Special Rules for Drivers

Driving culture–of which Ottawa is fully immersed–has a weird hang-up about supposed “special rules” for bicyclists. There’s this cult-ish devotion to the idea that bicyclists have to Obey The Rules (even when drivers or cops don’t actually know what those rules are). Safety be damned, the rules are sacred, and no one road user should get special rules.

This is why eminently sensible things like the Idaho Stop are still illegal. Sure, they’re safer and more convenient for all road users, but then bicyclists would be getting their own special rules–tailored to their needs, reality and experiences–and the driving class just can’t have that. The concept of special rules are just so incredibly unfair.

Of course, we have special rules for drivers. Ontario’s Highway Traffic Act is a set of special rules for drivers. Our entire legal framework for how people use streets and get around the city is a set of special rules for drivers. They are all designed for the benefit of drivers.

Go to a pedestrian space, you won’t see stop signs or traffic lights. There’s no need for No Parking zones. There are no speed limits. There are no lanes, no correct side of the street.

Go to a MUP and you may see a stop sign or two, but generally, there’s no signage. There are still no traffic lights. People walk and ride on different sides, depending on need. There’s a certain etiquette, more important than in pedestrian-only places, but there’s nothing remotely like the HTA.

Drivers are the only class of road user that needs such a rigorous and imposing set of laws. Drivers are the only class of road user that desperately needs things like right-of-way, speed limits, traffic lights, No Parking zones and the like.

Further, driving created a bunch of new laws out of thin air. Jaywalking isn’t a real thing. It’s a classist epithet concocted by car companies to try to turn roads over exclusively to drivers. And, well, bravo.

Who would ever design a one-way street for pedestrians or bicyclists? That’s why we salmon. Ridiculous driving regulations actively make life more difficult and more dangerous for more vulnerable road users.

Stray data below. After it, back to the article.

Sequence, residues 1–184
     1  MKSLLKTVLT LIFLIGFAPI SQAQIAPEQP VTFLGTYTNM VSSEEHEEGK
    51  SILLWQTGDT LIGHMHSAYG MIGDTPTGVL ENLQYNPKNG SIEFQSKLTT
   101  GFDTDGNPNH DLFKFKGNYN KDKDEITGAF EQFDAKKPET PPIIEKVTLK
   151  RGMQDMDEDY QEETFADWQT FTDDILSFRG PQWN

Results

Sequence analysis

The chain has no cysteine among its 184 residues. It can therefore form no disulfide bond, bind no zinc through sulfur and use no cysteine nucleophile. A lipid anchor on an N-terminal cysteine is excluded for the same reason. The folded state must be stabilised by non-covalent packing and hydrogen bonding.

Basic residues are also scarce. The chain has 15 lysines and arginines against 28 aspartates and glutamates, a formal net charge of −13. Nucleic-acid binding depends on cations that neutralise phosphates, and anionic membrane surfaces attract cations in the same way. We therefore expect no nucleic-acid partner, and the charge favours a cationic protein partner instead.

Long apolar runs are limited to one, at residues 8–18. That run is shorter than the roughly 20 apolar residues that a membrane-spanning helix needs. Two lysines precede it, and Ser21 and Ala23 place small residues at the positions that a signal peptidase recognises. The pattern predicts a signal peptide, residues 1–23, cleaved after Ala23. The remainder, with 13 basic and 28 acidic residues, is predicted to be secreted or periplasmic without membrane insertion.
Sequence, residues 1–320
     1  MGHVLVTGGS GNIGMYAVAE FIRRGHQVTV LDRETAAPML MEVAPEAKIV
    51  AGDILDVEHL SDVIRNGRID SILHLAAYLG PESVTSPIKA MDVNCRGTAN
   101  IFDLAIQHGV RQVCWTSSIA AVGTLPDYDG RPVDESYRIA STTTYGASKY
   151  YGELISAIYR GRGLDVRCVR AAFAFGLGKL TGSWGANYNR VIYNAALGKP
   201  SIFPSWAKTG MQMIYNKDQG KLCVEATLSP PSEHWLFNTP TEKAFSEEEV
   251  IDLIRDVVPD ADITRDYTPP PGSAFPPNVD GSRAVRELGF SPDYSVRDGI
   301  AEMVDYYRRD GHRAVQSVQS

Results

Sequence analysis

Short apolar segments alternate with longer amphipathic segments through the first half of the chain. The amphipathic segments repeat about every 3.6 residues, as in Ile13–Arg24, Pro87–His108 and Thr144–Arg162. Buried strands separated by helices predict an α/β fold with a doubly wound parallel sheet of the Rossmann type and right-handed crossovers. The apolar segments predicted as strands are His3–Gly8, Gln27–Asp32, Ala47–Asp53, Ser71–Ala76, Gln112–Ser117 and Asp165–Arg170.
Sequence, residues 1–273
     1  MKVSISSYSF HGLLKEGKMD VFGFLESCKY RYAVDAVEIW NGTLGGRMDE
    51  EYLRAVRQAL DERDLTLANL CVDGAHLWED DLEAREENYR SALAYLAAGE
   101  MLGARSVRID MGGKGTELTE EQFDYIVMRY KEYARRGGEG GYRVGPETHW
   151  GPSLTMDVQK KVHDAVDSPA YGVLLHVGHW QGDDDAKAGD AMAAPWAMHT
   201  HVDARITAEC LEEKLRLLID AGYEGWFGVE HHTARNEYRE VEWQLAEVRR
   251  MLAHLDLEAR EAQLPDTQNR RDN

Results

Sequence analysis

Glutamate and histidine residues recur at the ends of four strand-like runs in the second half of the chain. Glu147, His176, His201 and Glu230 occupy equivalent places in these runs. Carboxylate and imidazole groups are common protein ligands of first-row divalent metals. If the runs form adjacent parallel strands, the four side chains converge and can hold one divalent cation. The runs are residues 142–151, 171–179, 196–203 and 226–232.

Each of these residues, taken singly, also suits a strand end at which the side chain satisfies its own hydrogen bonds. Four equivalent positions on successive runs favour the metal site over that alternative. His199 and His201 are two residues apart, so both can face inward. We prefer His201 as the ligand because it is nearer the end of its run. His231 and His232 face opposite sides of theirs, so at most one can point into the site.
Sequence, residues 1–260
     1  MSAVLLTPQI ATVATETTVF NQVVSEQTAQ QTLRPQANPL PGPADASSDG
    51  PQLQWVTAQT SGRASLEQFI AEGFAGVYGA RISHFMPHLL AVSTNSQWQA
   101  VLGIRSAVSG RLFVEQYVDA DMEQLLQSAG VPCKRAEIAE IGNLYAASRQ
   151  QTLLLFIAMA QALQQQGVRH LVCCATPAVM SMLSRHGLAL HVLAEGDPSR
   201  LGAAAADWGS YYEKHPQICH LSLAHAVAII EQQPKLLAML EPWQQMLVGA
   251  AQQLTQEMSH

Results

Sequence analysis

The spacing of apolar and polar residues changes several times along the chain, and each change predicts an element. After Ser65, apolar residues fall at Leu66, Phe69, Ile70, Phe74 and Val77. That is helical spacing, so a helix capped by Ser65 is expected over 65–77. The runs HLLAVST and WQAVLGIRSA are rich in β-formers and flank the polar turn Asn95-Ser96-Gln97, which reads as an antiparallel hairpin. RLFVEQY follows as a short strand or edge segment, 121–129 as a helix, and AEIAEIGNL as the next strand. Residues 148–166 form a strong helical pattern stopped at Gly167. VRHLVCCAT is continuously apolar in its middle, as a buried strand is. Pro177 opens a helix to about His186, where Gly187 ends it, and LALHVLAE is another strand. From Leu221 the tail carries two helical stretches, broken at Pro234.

Even new rules “for pedestrians” or bicyclists, like pedestrian crossovers, are still special rules for drivers. You only need pedestrian crossovers because driving advocates criminalized crossing the street. And, of course, you still can’t cross wherever you want, only at specified locations, no matter how inconvenient.

Even the laws that are supposed to protect vulnerable road users–like, say, not killing them–are only mildly applied. Because even the informal rules of the road are designed to benefit drivers.

Driving is so inherently anti-social, that we have to have pages and pages of regulations to do our best to control what is a bit of a menace in our urban areas…and despite all this, they’re still in about 15,000 collisions each year, managing to kill around 30 people.

When bicyclists ask for “special rules”, really what they’re asking for is rules that are appropriate and fitting for riding a bike.

Idaho Stops make sense because you’re using your actual energy to get and keep a bike moving, as well, when an intersection is clear, you can get through it before any car traffic catches up to you. This has resulted in fewer injuries and deaths in the few areas that allow them.

Bicyclists need conterflow lanes so that they can get to their destination on a one-way street without be re-routed an insanely long distance or into dangerous heavy traffic.

Bicyclists should be allowed to go through an intersection on an advance pedestrian signal because they, too, need to be protected from cars as they go through intersections, avoiding right-hooks, left-hooks and rear-ends (or, well, minimizing them, cuz, y’know…).

But no, no special rules for anyone. The glorious HTA has been bestowed upon us and–ignoring that it is a giant set of rules designed especially for drivers–it must be thoroughly and exhaustively applied to each and every road user, even if it makes no sense or endangers them.

Drivers obey these god-given ordinances and so should everyone. There should be no special carve-outs for any road user.

Oh, except drivers need to make right turns on reds. That special rule is ok.

One thought on “Special Rules for Drivers

  1. Pingback: Who do bike laws benefit? | Steps from the Canal

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